New ELA Poll Finds More Than 50% Of American Workers Are Worried About Finding A New Job If They Become Unemployed; Poll Also Shows Barack Obama Is The Preferred Candidate For Tackling U.S. Workplace

September 17, 2008

Syracuse, NY: More than half of American workers are worried about finding a new job if they become unemployed, followed closely by concerns over their ability to pay for healthcare insurance, according to the latest "America At Work" national poll conducted by the Employment Law Alliance, the world's largest network of employment attorneys. The ELA poll also shows Barack Obama as the preferred candidate for tackling U.S. workplace issues.

In the in-depth survey of 1,159 workers, conducted last week after the Democratic and Republican tickets were announced, and just before the U.S. Labor Department reported national unemployment at a five-year high of 6.1%, workers were asked their views regarding a wide range of workplace-related issues, national economic issues, and their preferences between the presidential candidates regarding those challenges.

Workers, a mix of full- (83%) and part-time (17%) employees all over age 18, ranked their top issues among a group of eight workplace challenges presented in the poll, conducted for ELA by the market research firm Reed Group, of Philadelphia. The margin of error based on the sample size is +/- 2.9% at a 95% confidence level. The poll results reveal:

  • 51% are worried about finding a new job if they lose their current one;
  • 45% are troubled by the increasing cost to workers of employer-sponsored healthcare plans;
  • 37% fear losing a job due to poor economic conditions; and
  • 28% are concerned about fewer job opportunities due to outsourcing.

In addition to ranking workplace-related issues, the respondents evaluated presidential candidates John McCain and Barack Obama regarding their ability to promote policies to address these workplace issues. In the four areas (noted above) causing workers the greatest concern, Sen. Obama is seen as more likely to satisfactorily address those challenges by margins of:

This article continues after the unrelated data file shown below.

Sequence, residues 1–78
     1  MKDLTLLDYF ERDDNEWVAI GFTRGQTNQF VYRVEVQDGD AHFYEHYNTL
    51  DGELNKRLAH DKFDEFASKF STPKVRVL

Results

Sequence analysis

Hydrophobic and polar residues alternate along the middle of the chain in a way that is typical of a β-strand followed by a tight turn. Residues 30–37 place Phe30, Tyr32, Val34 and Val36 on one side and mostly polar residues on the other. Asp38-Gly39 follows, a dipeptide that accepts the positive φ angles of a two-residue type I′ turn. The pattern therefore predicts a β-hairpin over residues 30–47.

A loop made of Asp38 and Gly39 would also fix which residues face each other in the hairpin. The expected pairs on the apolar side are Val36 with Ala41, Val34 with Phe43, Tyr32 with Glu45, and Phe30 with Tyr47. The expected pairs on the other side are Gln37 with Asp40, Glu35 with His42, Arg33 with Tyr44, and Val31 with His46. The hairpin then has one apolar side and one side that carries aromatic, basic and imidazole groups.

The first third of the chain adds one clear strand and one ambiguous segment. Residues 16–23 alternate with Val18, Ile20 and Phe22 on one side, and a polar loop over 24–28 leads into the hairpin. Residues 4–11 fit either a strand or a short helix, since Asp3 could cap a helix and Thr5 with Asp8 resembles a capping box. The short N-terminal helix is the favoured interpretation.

• 51% to McCain's 20% for tackling the lack of affordable healthcare;
  • 32% to McCain's 21% for the ability to find a new job;
  • 40% to McCain's 25% in terms of controlling increasing healthcare insurance costs ; and
  • 40% to McCain's 25% with respect to dealing with the possibility of job loss due to national economic woes.

McCain fares significantly more favorably in the poll (60% vs. 13%) when workers were asked which candidate will more likely be able to control illegal immigration. Obama leads by wide margins when it comes to making it harder for U.S. companies to outsource jobs overseas (51% vs. 15%) and addressing the lack of renewable energy sources (44% vs. 30%).

Dr. Ted Reed, ELA's Survey Director, noted that ELA conducted a similar survey prior to the Pennsylvania primary in April. "Comparing the two polls, we see that workers continue to rate job security and healthcare cost issues as their top workplace priorities for the upcoming election." He noted that unlike the April poll, this latest ELA poll represents the first time workers were asked to express their candidate preference for tackling troublesome workplace issues.

The Employment Law Alliance, which Bond, Schoeneck & King is a member of, is the worlds' largest integrated, global practice network and is comprised of premier, independent law firms distinguished for their practice in employment and labor law. There are member firms in every jurisdiction in the United States and major commercial centers throughout the world. For further information, including access to the survey charts and graphs, visit

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